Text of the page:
This is an edited transcript of the book club discussion. Every month The Rumpus Book Club hosts a discussion online with the book club members and the author and we post an edited version online as an interview. You can see the unedited discussion here. To learn how you can become a member of The Rumpus Book Club click here.
Cheryl Strayed: Hi sweet peas!
Stephen Elliott: Hey Cheryl, Isaac, everybody!
David B: How is the book tour?
Cheryl Strayed: My book tour has been so much fun, David. Thanks for asking.
Janeen: Hello! And I have to get this out of my system, just once: SUGAR!! Yay!!
Cheryl Strayed: It’s really amazing to meet many of the people I’ve met through online through my Sugar column. Lots of them show up at the readings. Others who come have never heard of Sugar.
Hah! Janeen. You made me laugh.
Ann: Welcome. Loved the book. Connected with the journey in solitude.
Telaina: I am so excited to see you on the bestsellers lists. I did a little dance.
Cheryl Strayed: Thanks, Ann! Telaina, I’m stunned about the bestseller lists. And grateful, too.
David B: Did your toe nails heal?
Cheryl Strayed: David B, my toe nails did in fact heal. It took a few years for them to grow back, but they did.
Telaina: How are the kids handling you being gone? Or are they coming with?
Cheryl Strayed: Telaina, it’s been a challenge for my family that I’ve been gone so much lately (and also very busy before I was gone), but we’re doing okay. I talked to my kids about it a lot, trying to prepare them, but we all really miss each other.
Betsy: What caliber weapon did you use to shoot that horse?
Isaac Fitzgerald: We’re jumping right to the horse? 6:01 and we’re doing the horse. Heavy.
Stephen Elliott: That is definitely the quickest we’ve ever gotten to the horse.
Cheryl Strayed: The horse. Oh dear.
David B: The horse scene still haunts me.
Cheryl Strayed: Did I not write the caliber in the book? It was in there in one version. (Paging through my book now…)
The thing about the killing my mom’s horse is that it went terribly wrong even though nothing actually went wrong. My brother shot her exactly where and how he was meant to. It was that I had a different, tidier idea of how it would be to kill an animal. Things up close are usually more beautiful or more horrible than we imagine.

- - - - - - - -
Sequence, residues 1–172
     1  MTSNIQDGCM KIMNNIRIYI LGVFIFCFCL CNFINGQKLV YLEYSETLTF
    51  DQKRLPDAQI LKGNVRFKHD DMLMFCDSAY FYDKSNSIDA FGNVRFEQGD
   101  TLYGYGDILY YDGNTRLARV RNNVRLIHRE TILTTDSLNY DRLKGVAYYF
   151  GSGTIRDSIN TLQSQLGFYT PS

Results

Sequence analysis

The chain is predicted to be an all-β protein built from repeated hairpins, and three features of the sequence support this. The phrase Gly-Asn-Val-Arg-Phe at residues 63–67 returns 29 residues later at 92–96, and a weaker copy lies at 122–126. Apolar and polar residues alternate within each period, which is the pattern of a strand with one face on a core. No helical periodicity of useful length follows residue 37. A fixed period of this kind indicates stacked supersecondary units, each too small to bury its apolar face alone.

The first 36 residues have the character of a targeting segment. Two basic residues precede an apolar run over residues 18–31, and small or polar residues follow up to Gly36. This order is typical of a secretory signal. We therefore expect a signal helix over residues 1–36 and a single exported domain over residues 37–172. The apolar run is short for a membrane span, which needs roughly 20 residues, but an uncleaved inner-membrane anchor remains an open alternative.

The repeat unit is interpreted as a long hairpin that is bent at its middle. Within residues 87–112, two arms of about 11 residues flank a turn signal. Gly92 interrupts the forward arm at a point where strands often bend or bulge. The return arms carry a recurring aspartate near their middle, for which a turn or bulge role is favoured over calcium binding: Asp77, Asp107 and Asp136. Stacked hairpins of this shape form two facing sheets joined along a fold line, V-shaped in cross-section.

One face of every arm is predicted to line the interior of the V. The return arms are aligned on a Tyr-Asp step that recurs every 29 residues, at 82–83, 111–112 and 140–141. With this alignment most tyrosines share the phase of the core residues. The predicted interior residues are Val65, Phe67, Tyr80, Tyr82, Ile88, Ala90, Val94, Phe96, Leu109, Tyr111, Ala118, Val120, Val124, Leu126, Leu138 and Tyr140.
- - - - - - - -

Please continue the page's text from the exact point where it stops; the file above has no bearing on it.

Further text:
Brian: Hi Cheryl! Like the PCT, also tidier in the abstract.
Cheryl Strayed: Exactly, Brian. Like the PCT. Tidier in the abstract. Killing Lady is the hardest thing I’ve ever done and writing that scene was very painful for me.
Eileen: Did any of your family members read the manuscript before you submitted it for publication?
Cheryl Strayed: Eileen, I did not send it to any of my family members to read to grant me permission or anything, but I did give my brother an advanced reading copy. He loved the book and was deeply moved by it. After he read it, we had a very important conversation that I will never forget.
Telaina: I wondered about your family also… The unwillingness and/or hardness of being with a terminally ill person… I know everyone was doing the best they could but it just seems like such a cop-out to say “I can’t bear to see her like this.
Cheryl Strayed: That was hard for me for a long time, Telaina, but in writing about these things I’ve found forgiveness.
Frances: Today is my mother’s 93rd birthday and I was telling her about the book. We discussed the unfairness of life. I am much older than your mother was and my mother is still alive and functional.
Cheryl Strayed: Happy birthday to your mom, Frances. How wonderful! Thank you for your kindness. I’m sorry my mom died so young, but I am so lucky she was my mom.
Ellen Feig: Wondering about the issue of memory, i.e. when you write about events that happened years previous—how much is based on diary/journals an how much is based on perception?
Cheryl Strayed: I kept a very detailed journal, Eileen, so that was helpful in the writing, but I also relied on memory. I write a lot about my life and I have a good memory, so it’s a muscle I’ve worked a lot (the more you work on remembering, the more you remember). I also talked to others who I met on the PCT and asked them to share their memories of our time together.